Mental Health First Aid
- Need: Rural areas face challenges in access to mental health services, including shortages of mental health providers.
- Intervention: This 8-hour course trains rural community members to recognize mental health and substance abuse issues and learn how to help someone who is developing a mental health concern or experiencing a mental health crisis.
- Results: Numerous studies of this method have found that course participants are better able and more likely to help others regarding mental health issues.
Evidence-levelEvidence-Based (About evidence-level criteria)
Mental Health First Aid is an early intervention education program that teaches the public how to assist someone experiencing a behavioral health crisis. Mental Health First Aid teaches the skills needed to identify, understand, and respond to individuals who may be experiencing signs of a mental illness or substance use disorder. First Aid is administered until appropriate support is received or until the crisis is resolved.
The training is especially useful in rural communities where access to mental health services may be limited. Rural Mental Health First Aid is a way to build community-level capacity to identify mental health and substance use concerns early and for rural residents to increase their confidence to intervene and refer people to the resources that do exist. Mental Health First Aid is a way to increase the level of baseline knowledge about mental health and substance abuse and to decrease the negative perceptions often associated with them.
Mental Health First Aid was first created in Australia in 2001. The training program has been used successfully throughout Australia, including in rural areas. It has been adapted in over 27 countries, including the United States. Mental Health First Aid USA is managed by the National Council for Behavioral Health.
Mental Health First Aid training is offered through an 8-hour course where participants learn about:
- Risk factors and warning signs for mental health issues
- Information on depression, anxiety, trauma, psychosis, and substance use disorders
- A 5-step action plan to assess a situation, identify appropriate interventions, and help people access mental health services
Audiences for this training include:
- Law enforcement
- First responders
- Primary care providers
- Nursing home staff
- Schools and teachers
- Faith-based organizations
- Employers and the business community
- Higher education staff and students
- Military, veterans, and family members
- Populations working with older adults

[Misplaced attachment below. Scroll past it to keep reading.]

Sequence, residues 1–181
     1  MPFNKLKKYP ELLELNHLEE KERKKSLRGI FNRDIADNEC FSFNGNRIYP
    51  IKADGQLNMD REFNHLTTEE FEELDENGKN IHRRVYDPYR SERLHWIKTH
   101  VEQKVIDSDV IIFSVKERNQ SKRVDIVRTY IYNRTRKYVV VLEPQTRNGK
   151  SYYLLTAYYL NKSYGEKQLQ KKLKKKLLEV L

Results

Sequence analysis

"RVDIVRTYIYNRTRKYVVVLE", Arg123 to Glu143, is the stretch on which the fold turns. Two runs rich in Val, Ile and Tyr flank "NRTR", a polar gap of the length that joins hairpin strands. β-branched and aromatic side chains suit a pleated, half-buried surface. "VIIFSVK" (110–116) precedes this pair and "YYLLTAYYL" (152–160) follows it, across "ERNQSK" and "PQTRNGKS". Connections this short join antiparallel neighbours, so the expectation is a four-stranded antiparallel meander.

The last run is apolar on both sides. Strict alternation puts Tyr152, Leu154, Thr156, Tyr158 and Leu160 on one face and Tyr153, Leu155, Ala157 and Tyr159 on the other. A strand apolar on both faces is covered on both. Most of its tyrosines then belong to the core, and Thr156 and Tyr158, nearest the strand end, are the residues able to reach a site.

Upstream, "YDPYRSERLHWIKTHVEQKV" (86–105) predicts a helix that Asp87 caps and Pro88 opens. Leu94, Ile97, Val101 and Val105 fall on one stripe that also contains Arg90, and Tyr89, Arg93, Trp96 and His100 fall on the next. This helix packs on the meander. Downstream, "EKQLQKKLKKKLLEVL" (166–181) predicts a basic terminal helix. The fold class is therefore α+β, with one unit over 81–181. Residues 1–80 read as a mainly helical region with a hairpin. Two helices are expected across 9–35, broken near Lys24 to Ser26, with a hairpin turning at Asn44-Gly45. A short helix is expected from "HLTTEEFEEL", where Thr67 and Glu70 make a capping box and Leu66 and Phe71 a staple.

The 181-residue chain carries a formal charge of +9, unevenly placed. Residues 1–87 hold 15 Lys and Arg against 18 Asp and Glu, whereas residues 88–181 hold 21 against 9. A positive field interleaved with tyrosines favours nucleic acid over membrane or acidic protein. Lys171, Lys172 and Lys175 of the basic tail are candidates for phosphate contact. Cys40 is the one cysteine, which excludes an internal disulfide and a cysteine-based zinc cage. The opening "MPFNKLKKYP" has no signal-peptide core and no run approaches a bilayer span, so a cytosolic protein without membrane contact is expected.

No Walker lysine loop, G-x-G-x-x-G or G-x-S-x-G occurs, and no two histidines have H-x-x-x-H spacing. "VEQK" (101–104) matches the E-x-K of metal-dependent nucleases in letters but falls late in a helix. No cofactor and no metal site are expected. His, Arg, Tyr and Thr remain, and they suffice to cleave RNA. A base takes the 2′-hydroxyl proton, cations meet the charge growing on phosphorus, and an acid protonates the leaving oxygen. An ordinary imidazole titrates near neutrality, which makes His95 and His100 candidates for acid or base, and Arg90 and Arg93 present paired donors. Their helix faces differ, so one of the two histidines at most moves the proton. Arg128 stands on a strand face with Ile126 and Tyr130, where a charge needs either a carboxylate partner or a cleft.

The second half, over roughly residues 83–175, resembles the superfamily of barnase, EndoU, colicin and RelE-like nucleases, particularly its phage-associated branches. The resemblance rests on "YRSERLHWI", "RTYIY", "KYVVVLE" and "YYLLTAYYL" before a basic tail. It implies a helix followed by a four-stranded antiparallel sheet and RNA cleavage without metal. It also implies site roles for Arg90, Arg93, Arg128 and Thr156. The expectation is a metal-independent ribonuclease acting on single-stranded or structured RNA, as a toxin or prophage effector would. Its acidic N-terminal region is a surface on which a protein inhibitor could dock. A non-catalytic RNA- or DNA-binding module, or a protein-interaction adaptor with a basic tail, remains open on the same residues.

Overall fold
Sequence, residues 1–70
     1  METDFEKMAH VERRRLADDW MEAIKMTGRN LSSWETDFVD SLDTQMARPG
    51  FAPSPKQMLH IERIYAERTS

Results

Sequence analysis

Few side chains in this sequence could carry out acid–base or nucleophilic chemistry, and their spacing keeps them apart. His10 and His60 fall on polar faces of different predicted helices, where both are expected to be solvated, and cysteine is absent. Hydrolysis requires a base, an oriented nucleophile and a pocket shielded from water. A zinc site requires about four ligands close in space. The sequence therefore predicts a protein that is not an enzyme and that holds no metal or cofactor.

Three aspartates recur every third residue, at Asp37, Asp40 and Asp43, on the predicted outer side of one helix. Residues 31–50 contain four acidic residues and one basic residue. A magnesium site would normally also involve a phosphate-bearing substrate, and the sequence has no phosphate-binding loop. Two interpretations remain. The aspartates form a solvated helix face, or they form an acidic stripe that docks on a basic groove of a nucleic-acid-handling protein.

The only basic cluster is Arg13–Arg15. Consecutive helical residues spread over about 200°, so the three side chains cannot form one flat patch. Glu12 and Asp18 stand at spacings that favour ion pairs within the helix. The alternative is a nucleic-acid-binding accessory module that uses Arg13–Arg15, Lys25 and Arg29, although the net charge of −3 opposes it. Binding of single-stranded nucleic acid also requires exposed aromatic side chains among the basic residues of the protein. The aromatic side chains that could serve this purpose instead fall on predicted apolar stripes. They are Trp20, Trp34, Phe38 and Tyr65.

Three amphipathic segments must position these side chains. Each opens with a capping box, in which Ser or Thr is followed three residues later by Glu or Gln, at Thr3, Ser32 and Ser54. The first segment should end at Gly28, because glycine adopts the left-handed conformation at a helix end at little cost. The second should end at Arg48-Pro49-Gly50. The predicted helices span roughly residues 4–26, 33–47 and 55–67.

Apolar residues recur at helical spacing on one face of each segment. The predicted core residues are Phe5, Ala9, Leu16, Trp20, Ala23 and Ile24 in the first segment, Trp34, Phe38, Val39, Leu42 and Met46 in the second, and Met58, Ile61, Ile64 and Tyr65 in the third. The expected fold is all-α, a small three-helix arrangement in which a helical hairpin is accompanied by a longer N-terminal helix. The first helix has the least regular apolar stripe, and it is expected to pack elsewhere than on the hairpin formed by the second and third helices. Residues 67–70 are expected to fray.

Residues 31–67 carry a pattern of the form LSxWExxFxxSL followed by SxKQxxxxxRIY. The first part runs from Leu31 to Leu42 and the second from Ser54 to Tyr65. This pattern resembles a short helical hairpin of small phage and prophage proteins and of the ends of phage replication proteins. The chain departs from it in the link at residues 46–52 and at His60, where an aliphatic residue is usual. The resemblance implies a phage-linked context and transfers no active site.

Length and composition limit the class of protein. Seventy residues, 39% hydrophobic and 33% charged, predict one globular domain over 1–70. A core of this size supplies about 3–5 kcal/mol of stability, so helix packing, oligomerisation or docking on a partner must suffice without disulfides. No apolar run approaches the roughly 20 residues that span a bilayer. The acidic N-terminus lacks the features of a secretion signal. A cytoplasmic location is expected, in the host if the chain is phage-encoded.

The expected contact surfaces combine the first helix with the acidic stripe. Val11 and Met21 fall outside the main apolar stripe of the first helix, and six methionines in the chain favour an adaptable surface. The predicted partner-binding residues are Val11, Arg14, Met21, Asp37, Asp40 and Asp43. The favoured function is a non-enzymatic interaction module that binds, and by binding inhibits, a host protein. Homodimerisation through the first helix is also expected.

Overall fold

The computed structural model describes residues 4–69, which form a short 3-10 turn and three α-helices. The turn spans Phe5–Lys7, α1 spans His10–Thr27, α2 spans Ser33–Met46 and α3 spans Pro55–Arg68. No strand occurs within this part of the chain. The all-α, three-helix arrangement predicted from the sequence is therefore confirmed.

- Mental health advocacy organizations
- Shelter volunteers
- General public
Since 2008, more than one million people (over 167,850 people in rural areas) across the United States have been trained. Research studies examining this approach have found that Mental Health First Aid course participants have:
- Improved knowledge of mental illnesses and treatments
- Knowledge of appropriate strategies for helping others
The Rural Monitor article Mental Health First Aid Offers Helping Hand in Rural Communities provides an overview of Rural Mental Health First Aid, with details on implementations in New Mexico and Missouri.
For more information on program results in the United States:
El-Amin, T., Anderson, B.L., Leider, J.P., Satorius, J., & Knudson, A. (2018). Enhancing Mental Health Literacy in Rural America: Growth of Mental Health First Aid Program in Rural Communities in the United States from 2008-2016. Journal of Rural Mental Health, 42(1), 20-31. Article Abstract
Mendenhall, A.N., Jackson, S.C., & Hase, S. (2013). Mental Health First Aid USA in a Rural Community: Perceived Impact on Knowledge, Attitudes, and Behavior. Social Work in Mental Health, 11(6), 563-577. Article Abstract
A detailed list of international evaluations and publications related to this approach is available from Mental Health First Aid Australia.
Mental Health First Aid USA summarizes the program's research and evidence base.
June 5, 2013
Date updated or reviewed
July 28, 2020
Please contact the models and innovations contact directly for the most complete and current information about this program. Summaries of models and innovations are provided by RHIhub for your convenience. The programs described are not endorsed by RHIhub or by the Federal Office of Rural Health Policy. Each rural community should consider whether a particular project or approach is a good match for their community’s needs and capacity. While it is sometimes possible to adapt program components to match your resources, keep in mind that changes to the program design may impact results.